• Optimizing gh therapy in adults and children.

      Drake, William M; Howell, Simon J; Monson, John; Shalet, Stephen M; Department of Endocrinology, St. Bartholomew's Hospital, London EC1A 7BE, United Kingdom. w.m.drake@mds.qmw.ac.uk (2001-08)
      Until the advent of modern neuroradiological imaging techniques in 1989, a diagnosis of GH deficiency in adults carried little significance other than as a marker of hypothalamo-pituitary disease. The relatively recent recognition of a characteristic clinical syndrome associated with failure of spontaneous GH secretion and the potential reversal of many of its features with recombinant human GH has prompted a closer examination of the physiological role of GH after linear growth is complete. The safe clinical practice of GH replacement demands a method of judging overall GH status, but there is no biological marker in adults that is the equivalent of linear growth in a child by which to judge the efficacy of GH replacement. Assessment of optimal GH replacement is made difficult by the apparent diverse actions of GH in health, concern about the avoidance of iatrogenic acromegaly, and the growing realization that an individual's risk of developing certain cancers may, at least in part, be influenced by cumulative exposure to the chief mediator of GH action, IGF-I. As in all areas of clinical practice, strategies and protocols vary between centers, but most physicians experienced in the management of pituitary disease agree that GH is most appropriately begun at low doses, building up slowly to the final maintenance dose. This, in turn, is best determined by a combination of clinical response and measurement of serum IGF-I, avoiding supraphysiological levels of this GH-dependent peptide. Numerous studies have helped define the optimum management of GH replacement during childhood. The recent requirement to measure and monitor GH status in adult life has called into question the appropriateness of simplistic weight- and surface area-based dosing regimens for the management of GH deficiency in childhood, with reliance on linear growth as the sole marker of GH action. It is clear that the monitoring of parameters other than linear growth to help refine GH therapy should now be incorporated into childhood GH treatment protocols. Further research will be required to define the optimal management of the transition from pediatric to adult GH replacement; this transition will only be possible once the benefits of GH in mature adults are defined and accepted by pediatric and adult endocrinologists alike.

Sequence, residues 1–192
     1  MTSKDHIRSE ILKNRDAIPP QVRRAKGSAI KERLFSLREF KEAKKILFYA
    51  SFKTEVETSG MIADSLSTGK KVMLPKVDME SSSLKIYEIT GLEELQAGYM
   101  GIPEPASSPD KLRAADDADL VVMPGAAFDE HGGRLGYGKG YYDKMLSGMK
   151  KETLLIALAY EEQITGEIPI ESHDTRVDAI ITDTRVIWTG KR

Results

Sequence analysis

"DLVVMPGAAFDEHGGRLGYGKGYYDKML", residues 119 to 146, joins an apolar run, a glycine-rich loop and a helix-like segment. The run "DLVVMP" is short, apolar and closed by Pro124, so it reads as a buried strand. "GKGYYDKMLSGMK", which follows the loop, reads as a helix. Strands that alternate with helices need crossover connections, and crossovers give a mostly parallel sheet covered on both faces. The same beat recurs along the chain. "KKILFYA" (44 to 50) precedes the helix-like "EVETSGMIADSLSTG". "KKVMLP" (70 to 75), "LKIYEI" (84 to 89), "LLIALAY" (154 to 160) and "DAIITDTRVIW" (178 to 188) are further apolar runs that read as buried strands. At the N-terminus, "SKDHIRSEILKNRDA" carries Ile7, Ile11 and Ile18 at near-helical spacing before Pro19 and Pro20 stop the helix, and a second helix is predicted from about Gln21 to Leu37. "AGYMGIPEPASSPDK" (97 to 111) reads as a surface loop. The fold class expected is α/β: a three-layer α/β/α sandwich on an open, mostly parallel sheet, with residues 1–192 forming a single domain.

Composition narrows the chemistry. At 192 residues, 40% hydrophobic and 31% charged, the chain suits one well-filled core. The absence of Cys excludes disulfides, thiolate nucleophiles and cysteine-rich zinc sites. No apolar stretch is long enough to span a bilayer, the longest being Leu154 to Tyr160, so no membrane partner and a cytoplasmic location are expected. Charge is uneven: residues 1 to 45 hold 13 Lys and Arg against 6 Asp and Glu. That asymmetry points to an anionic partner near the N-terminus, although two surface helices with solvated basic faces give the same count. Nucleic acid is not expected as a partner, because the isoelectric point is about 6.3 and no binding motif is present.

• Towards quality control in cancer chemotherapy.

      Woodman, Ciaran B J; Nicolson, M; Hare, L; So, June; Hey, R; McIllmurray, M; Crowther, Derek; Centre for Cancer Epidemiology, Christie Hospital NHS Trust, Withington, Manchester, UK. (1996-01)
      A survey of all hospital pharmacies in the former North Western Regional Health Authority has revealed that hospital personnel continue to prepare cytotoxic drugs in suboptimal conditions, despite the widespread introduction of pharmacy cytotoxic reconstitution services. Other concerns include the lack of formal training for medical staff in the administration of these agents and the frequent absence of written procedures for dealing with extravasation and chemotherapy errors.